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With backcourt issues, Bucks need Draft answers

POSTED: Jun 20, 2013 8:53 AM ET

By Scott Howard-Cooper

BY Scott Howard-Cooper

NBA.com

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Bucks general manager John Hammond has work to do to shore up his team's backcourt.

Official word that Monta Ellis is opting out of the final season of his contract, at $11 million, came Monday in an email to the Bucks office.

So it's set. Milwaukee will have three prominent guards entering free agency on July 1 and an obvious backcourt need to address in the NBA Draft June 27. Unless it won't.

Two players from the United States withdrew: Norvel Pelle, trying to jump start his career after going from a top prospect in high school to being unable to find stability in college, and Joshua Simmons.

Of all the teams that will be attempting to see the future next Thursday night as the selections roll out at Barclays Center in Brooklyn, N.Y., no one will be trying to predict quite like the Bucks. Milwaukee needs to choose a prospect in the middle of the first round, while having a strong handle on what will happen starting the next week with the starting backcourt and a key reserve. Four decisions, one crystal ball -- no waiting.

Ellis will be an unrestricted free agent, Brandon Jennings restricted. That's the 2012-13 starting backcourt. J.J. Redick, a key reserve, will be unrestricted. And that, along with power forward Ersan Ilyasova, accounts for three of the top four scorers and the three leading assist men.

Keeping all three seems unlikely, especially since Ellis turned down an extension last fall reportedly worth $25 million for two years on top of the final deal already in place, putting him at $36 million for three seasons. He's not going to top $12 million a year in free agency. That's a guy who wants out, and, no, the Bucks were not surprised to get the email on Monday.

The trick is to make decisions now that eventually sync up to what happens in July. Use the No. 15 pick on a point guard and still re-sign or match on Jennings? Use No. 15 on a point guard and still match or re-sign on Jennings with the intention of trading one later, rather than let a major asset walk for nothing? Go shooting guard as the Ellis replacement no matter what happens with Redick, figuring Redick is best suited for his 2012-13 role as a scorer off the bench?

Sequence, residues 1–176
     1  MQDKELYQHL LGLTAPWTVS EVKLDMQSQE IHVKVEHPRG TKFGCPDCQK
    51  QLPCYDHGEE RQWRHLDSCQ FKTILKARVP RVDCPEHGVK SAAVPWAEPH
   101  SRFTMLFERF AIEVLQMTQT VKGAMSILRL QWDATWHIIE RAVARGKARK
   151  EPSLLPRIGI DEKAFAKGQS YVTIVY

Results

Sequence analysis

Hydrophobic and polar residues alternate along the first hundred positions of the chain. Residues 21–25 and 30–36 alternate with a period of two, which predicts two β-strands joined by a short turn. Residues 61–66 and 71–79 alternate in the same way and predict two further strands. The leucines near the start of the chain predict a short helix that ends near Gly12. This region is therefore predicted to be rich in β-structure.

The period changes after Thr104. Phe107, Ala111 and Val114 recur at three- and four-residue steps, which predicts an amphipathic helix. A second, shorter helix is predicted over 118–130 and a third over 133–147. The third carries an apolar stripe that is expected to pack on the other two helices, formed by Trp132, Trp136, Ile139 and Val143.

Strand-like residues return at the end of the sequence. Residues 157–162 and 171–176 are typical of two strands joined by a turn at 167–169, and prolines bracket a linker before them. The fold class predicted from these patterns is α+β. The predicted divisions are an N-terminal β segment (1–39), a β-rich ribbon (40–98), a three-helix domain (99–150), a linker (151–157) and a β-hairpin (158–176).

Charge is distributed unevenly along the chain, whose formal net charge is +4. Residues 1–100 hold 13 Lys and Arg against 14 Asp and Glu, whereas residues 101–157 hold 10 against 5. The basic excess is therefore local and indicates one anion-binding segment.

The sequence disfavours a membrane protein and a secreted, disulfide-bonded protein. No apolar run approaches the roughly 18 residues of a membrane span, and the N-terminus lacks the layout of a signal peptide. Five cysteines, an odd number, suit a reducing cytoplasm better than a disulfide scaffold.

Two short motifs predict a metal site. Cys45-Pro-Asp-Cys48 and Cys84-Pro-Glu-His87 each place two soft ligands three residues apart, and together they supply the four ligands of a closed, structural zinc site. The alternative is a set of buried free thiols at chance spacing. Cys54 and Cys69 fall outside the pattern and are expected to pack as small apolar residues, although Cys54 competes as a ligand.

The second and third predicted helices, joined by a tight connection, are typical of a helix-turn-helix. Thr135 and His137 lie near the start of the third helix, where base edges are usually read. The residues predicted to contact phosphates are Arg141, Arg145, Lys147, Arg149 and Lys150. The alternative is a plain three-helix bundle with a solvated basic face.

"One could impact the other, but we'll have to wait and see what happens in the draft," general manager John Hammond said. "If you say we're drafting for a need, obviously the backcourt is more of a need than the front line, especially at the four and five positions. But once again, I think probably the safest route in approaching the draft is to go best player on the board first. And if that also fills a need, so be it."

The other issue for the Bucks is that the middle of the first round may not exactly be loaded with backcourt options. German point guard Dennis Schroeder could be there, although he is a virtual duplication of Jennings in size and could only play behind, and not with, Jennings -- if Jennings is back. Kentavious Caldwell-Pope, the shooting guard from Georgia, could be there. Maybe UCLA swingman Shabazz Muhammad is still on the board. Otherwise, No. 15 could fall right around a run of front-court players.

"You say, 'best player first,' and if it fills a need, you feel even more satisfied in the process," Hammond said. "But first and foremost, you probably look and say best player. I think it's probably very disconcerting to say that you have to fill a need in the draft, especially with the 15th pick."

The 15th pick in a weak draft at that.

The Bucks got Larry Sanders at 15 in 2010 and that has paid out, and Jennings with the 10th pick the year before likewise has become a big return, so there is a good track record on draft night (the 2011 choice was used in a trade for veterans and '12 selection John Henson averaged 13.1 minutes as a rookie).

No. 15 this time comes as part of a particularly busy intersection for the franchise. A pick in a draft when adding depth is more realistic than finding a replacement starter in the middle of the first round, followed four days later by the start of free agency and the next set of decisions.

"There's probably a little more angst as you move forward, just because some of the uncertainty within our roster," Hammond said. "But, as I said, it's going to work itself out as we move into July."

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